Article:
TAMPA — Luis Quintero was worried.
A 46-year-old Venezuelan immigrant and father of two, Quintero is in the United States on work authorization from U.S. Citizenship and Immigration Services, and his permit was due to expire on May 19. A backlog in processing extensions caused some immigrants like Quintero to lose their jobs.
Then Quintero received news that helped reassure him: his work permit would be automatically extended.
The citizenship and immigration agency earlier this month announced a so-called temporary final rule that increases the extension period of certain work permits, known as employment authorization documents, to up to 540 days. from the expiry date.
“It seems like good news for working families who have come to this country looking for a better future,” said Quintero, who works as a technician at eSmart Recycling in Tampa.
The agency had granted a renewal extension of 180 days, but it was not enough to process all the documents in time. The government attributes the backlog to the coronavirus pandemic, a budget deficit and a lack of staff.
The new rule will avoid employment gaps for non-citizens with pending license renewal applications and help employers who hire non-citizens, the immigration agency said in a news release earlier this week. month.
According to the Migration Policy Institute, the agency grew from 5.7 million applications at the end of fiscal year 2019 to around 9.5 million in February.
The new rule, which went into effect May 4, applies to certain applicants who were already eligible for an automatic extension and submitted their I-765 renewal application on time. These applicants include holders of temporary protected status, asylum seekers, green card applicants and refugees.
After October 26, 2023, the agency plans to return to automatic 180-day extensions.
Carlos Bohorquez paid $410 and submitted his Form I-765 last year, but then had to wait six months for his new license which will now expire in 2024. Bohorquez, 38, fled turmoil in Venezuela for Orlando he seven years ago and moved to Tampa. two years later.
Despite the hardships Bohorquez and his family endured, he welcomed the extension.
“For me, it’s just political negligence, but I hope that a definitive solution will be found for the current cases,” said Bohorquez, assistant television producer and freelance journalist.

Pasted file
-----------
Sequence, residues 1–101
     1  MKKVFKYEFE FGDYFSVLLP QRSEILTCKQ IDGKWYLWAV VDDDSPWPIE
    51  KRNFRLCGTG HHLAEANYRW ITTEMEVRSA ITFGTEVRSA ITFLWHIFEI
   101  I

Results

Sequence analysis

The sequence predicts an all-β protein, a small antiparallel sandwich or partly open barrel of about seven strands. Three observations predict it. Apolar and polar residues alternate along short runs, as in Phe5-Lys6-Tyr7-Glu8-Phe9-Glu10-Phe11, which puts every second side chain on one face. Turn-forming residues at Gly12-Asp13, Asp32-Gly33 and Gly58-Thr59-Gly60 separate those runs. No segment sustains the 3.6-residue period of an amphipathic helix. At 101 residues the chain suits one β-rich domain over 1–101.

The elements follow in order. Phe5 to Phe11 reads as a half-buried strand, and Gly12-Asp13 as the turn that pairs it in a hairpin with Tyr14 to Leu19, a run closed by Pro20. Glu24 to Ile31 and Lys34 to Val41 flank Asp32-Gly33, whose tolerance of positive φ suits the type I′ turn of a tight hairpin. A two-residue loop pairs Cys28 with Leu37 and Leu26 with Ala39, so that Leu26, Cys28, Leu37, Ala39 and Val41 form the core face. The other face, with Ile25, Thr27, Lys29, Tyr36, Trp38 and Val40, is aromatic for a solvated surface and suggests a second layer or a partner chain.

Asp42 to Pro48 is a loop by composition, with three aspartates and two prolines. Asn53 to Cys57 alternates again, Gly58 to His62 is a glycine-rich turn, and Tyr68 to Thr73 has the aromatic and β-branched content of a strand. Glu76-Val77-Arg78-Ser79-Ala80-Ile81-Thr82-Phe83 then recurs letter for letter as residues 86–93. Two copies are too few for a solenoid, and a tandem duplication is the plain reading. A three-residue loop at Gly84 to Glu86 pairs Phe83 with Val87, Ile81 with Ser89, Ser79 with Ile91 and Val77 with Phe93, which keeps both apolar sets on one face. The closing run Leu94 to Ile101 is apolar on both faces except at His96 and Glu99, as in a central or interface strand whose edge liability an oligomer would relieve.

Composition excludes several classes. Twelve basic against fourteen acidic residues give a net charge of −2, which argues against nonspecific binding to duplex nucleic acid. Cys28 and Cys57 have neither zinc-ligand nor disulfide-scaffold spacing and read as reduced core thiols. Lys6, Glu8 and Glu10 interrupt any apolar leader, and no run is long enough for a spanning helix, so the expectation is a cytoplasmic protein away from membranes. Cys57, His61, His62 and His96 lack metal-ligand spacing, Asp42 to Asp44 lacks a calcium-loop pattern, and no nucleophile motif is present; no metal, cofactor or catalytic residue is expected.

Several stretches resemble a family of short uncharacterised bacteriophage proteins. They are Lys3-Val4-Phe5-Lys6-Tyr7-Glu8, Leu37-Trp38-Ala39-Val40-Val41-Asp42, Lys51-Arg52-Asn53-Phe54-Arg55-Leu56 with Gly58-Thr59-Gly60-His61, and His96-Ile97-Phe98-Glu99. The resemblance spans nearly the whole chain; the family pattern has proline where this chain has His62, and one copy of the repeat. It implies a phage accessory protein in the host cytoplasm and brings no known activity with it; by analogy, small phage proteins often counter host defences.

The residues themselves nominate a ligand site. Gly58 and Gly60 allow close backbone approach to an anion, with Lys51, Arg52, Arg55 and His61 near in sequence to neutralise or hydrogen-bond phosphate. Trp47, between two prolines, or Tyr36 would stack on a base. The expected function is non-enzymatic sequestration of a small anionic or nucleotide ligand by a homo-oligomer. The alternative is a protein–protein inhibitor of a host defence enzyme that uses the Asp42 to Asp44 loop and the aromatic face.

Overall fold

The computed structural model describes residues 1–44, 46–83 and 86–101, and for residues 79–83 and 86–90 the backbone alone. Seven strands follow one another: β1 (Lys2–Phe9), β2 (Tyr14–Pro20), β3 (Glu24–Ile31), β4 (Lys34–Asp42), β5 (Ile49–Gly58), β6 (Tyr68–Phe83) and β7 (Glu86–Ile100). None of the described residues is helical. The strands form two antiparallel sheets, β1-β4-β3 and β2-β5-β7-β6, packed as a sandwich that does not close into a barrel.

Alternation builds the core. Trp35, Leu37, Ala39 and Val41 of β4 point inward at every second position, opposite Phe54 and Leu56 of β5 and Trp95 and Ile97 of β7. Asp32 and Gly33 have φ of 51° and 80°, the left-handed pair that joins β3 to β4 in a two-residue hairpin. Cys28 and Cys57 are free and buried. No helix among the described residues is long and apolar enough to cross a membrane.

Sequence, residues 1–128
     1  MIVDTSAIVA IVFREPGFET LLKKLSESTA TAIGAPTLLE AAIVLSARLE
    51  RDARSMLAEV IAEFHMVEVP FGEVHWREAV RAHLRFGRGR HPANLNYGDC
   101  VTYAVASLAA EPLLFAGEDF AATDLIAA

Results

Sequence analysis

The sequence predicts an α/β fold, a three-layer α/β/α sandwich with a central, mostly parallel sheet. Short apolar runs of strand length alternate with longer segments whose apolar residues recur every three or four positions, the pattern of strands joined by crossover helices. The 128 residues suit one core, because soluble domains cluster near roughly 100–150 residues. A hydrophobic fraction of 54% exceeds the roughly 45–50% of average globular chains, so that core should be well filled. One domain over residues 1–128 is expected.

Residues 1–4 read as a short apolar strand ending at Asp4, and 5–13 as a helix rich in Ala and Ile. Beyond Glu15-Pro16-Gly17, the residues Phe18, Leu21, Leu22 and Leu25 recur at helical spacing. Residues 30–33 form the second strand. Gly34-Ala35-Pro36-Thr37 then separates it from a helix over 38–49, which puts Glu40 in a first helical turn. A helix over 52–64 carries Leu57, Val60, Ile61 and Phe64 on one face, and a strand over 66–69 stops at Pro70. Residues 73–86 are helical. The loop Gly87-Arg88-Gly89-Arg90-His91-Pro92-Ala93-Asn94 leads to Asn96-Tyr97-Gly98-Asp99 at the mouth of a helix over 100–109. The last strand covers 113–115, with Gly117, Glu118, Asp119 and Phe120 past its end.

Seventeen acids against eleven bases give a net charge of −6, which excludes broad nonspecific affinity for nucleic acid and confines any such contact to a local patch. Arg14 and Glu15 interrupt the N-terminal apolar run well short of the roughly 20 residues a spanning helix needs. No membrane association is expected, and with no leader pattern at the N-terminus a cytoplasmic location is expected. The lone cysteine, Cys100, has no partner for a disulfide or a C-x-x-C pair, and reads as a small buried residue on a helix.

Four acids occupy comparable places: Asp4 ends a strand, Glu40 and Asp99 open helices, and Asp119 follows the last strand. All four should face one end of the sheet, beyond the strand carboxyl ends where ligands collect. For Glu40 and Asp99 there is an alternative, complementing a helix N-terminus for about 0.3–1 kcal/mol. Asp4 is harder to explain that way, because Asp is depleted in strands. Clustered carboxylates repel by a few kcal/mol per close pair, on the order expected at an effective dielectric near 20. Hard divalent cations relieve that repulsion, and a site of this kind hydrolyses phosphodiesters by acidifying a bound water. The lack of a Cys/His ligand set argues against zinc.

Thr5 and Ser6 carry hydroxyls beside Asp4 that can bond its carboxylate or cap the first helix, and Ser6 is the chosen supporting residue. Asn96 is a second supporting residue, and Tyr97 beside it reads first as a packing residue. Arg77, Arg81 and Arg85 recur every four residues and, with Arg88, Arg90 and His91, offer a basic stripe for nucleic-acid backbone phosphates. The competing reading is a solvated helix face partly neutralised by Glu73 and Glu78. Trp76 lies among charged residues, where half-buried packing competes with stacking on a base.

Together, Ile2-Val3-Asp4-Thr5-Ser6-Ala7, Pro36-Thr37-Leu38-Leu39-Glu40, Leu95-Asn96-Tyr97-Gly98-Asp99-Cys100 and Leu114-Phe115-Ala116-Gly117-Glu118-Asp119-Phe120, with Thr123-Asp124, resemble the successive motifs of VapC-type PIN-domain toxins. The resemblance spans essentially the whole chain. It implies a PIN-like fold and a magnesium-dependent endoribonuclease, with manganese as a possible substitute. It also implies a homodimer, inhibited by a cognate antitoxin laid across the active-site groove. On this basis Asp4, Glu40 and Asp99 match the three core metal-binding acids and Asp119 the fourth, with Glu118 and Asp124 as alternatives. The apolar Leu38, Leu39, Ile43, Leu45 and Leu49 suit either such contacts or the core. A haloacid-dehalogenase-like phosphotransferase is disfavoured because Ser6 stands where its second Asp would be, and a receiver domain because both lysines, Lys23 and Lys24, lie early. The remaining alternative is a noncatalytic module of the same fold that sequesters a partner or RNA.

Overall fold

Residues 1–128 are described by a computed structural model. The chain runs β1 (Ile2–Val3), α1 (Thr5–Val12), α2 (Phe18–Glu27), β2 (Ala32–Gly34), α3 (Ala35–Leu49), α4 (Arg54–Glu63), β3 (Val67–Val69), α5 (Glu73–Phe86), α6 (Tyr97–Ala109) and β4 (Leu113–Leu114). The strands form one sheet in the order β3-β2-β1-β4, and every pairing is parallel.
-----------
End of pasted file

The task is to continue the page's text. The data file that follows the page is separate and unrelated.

The government’s schedule will allow the federal agency to address staffing shortages, increase efficiency and speed up access to employment authorization documents. Unlike most government agencies, the Citizenship and Immigration Agency is funded almost entirely by user fees.
Tampa immigration attorney Paul Palacios said the automatic extension “comes small consolation.” Thousands of applicants have already lost their jobs and may not be able to return, he said.
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Palacios said the agency won’t reissue notices with the new extensions, leaving applicants to convince employers that their work permits are valid. A work permit also allows immigrants to have access to certain advantages, such as the renewal of the driver’s license.
“Without a notice from the government granting them the additional extension, it may be difficult,” Palacios said.
Living without legal status makes it harder to stay financially above water, according to a bilingual online survey of 3,375 Latinos in the United States conducted by the Pew Research Center last year.
Javier Torres, executive director of the Migrant Foundation, a local immigrant advocacy group, applauded the decision to extend the employment authorization period. However, Torres said the measure comes too late for some.
“Other immigrants were no longer being called back to work, even with these extensions,” Torres said.
Torres said he knows of several cases of families who have lost more than $12,000 in income without being able to work for several months.
“Our community has suffered,” he said.